If you read anything about pensions this year, you should include the recently published Financial Conduct Authority (FCA) interim report on the asset management market. It may not be the easiest read, but it shines a light on why we get such poor value for money from our pensions in the UK.
OK, I don’t expect you to read all 206 pages! There is an executive summary. It should certainly be required reading for pension trustees and in the SLGPS, pension board and committee members. It confirms what UNISON has been shouting about for some time – we need much greater transparency over the real cost of using investment managers.
The UK’s asset management industry is massive. It manages £6.9 trillion of assets. Over £1 trillion for individual investors in the UK and £3 trillion on behalf of UK pension funds and other institutional investors. The service offered to investors comprises a search for return, risk management and administration – although it is the investor that bears virtually all the risk.
Over three quarters of UK households with occupational or personal pensions use these services, including over 10.2 million saving for their retirement through pension schemes. There are also around 11 million savers with investment products such as stocks and shares ISAs.
There will be very few UNISON members who are not touched by this industry, although most will probably have never heard of it. More importantly, they will have little idea how much of their hard earned cash goes to the industry. The report states that asset management firms have consistently earned substantial profits with an average profit margin of 36%! These margins are even higher if the profit sharing element of staff remuneration is included. The saying ‘we are in the wrong job’ has a whole new meaning!
On transparency of costs the report states that investors are not given information on transaction costs in advance. These costs can be high and add around 50 basis points on average to the cost of active management for equity investments. The report says:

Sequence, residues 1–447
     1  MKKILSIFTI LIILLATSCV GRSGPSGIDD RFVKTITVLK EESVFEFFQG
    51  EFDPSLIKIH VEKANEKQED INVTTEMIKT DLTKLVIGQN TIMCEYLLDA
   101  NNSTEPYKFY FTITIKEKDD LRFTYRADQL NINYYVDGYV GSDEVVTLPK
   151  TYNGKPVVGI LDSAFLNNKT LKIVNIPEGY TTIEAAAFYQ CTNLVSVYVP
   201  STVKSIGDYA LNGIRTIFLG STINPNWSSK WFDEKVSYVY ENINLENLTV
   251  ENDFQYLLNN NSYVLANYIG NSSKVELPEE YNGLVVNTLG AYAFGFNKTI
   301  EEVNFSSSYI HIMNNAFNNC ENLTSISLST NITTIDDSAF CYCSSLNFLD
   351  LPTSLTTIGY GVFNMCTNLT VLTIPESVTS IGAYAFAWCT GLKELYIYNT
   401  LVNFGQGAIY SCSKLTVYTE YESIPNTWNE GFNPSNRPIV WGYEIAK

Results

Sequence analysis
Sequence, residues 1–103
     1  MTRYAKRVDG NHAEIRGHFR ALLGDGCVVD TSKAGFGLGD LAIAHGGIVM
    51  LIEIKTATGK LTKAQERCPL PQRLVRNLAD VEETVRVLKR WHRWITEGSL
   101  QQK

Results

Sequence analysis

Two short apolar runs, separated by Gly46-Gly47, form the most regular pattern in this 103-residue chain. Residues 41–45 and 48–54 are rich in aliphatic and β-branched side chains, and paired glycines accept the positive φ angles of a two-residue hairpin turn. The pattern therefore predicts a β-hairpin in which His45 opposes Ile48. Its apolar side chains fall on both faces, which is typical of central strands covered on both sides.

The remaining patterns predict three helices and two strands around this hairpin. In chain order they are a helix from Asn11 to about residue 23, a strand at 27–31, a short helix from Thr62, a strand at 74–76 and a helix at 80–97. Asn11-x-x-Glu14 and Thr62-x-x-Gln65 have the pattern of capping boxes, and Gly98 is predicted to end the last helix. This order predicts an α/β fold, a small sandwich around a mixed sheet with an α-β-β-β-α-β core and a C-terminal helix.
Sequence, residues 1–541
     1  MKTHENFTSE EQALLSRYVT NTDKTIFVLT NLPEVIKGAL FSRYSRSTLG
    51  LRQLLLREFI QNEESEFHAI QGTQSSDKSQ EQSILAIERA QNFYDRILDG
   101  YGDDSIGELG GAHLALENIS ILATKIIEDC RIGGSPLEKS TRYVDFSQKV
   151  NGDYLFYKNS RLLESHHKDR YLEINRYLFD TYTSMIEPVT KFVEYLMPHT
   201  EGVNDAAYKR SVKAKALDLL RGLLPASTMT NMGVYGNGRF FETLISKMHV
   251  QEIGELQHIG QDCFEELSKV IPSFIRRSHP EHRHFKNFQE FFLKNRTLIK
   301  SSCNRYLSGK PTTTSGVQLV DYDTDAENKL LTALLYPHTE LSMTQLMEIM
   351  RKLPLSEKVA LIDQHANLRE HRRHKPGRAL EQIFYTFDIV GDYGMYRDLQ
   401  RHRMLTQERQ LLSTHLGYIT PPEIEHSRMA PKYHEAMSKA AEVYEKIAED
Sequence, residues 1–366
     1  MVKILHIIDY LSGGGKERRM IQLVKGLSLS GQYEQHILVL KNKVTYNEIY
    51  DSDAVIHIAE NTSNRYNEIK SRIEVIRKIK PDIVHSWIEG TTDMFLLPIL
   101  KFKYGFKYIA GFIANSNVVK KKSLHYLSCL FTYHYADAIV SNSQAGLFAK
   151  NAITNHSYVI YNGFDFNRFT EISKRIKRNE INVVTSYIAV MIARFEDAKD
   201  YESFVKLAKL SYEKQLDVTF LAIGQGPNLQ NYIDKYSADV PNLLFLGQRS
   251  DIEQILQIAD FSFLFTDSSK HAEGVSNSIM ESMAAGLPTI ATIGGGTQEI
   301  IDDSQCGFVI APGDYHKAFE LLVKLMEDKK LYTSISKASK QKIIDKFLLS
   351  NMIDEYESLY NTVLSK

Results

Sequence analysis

“In addition, we have concerns about how asset managers communicate their objectives and outcomes to investors. Investors may continue to invest in expensive actively managed funds which mirror the performance of the market because fund managers do not adequately explain the fund’s investment strategy and charges.”
This is something the LGPS has been addressing through its transparency code and the Scottish LGPS has issued guidance to funds in Scotland to adopt the code. However, its still only voluntary at present and measurable outcomes are some way ahead. The drive for transparency is not as present on the retail side with only half of investors even aware if they are paying charges.
One of my colleagues likes to illustrate this issue using a fridge analogy. If you buy a fridge you can compare the marked price. But the real comparison should include, energy use, delivery charges, warranties and much more. Very few of these charges are transparent when it comes to asset management.
More of us will be familiar with the investment disclaimer, "past performance is no guarantee of future returns". The FCA report highlights the reasons for this. Funds measure performance over different time periods and there is a practice of merging poorly performing funds, “giving investors the false impression that there are few poorly performing funds on the market”. Even those who do outperform don’t continue to outperform the relevant market index or peer group for more than a few years.
Pension trustees are often sold active investment strategies on the grounds that they deliver higher returns than passive funds that track an index. In the UK the split is around 20% passive to 80% active, whereas in the USA the split is closer to 50:50. However, the evidence in the FCA report suggests that actively managed investments do not outperform their benchmark after costs. And the costs of active investments are significantly higher than passive investments as this chart from the report shows.
Charges have also have remained stable, unlike charges for passive investments, which have been falling. The FCA suggests that this reflects competitive pressures and unwillingness in the active fund market to undercut each other. Weak pressure on prices can lead to weak cost control.
The FCA report is particularly scathing about the role of investment consultants, with 60% of the market controlled by three firms. For example, they found that investment consultants accept hospitality from asset managers, suggesting a further conflict of interest and could result in poor outcomes for end investors. They are considering a market investigation reference to the Competition and Markets Authority (CMA).
The report concludes with a number of very welcome interim proposals on remedies – not least on transparency and all-in fees. However, this is a hugely powerful and profitable industry and they will be lobbying hard to water down any action. It’s up to us to reclaim our pension funds for the workers who rely on them.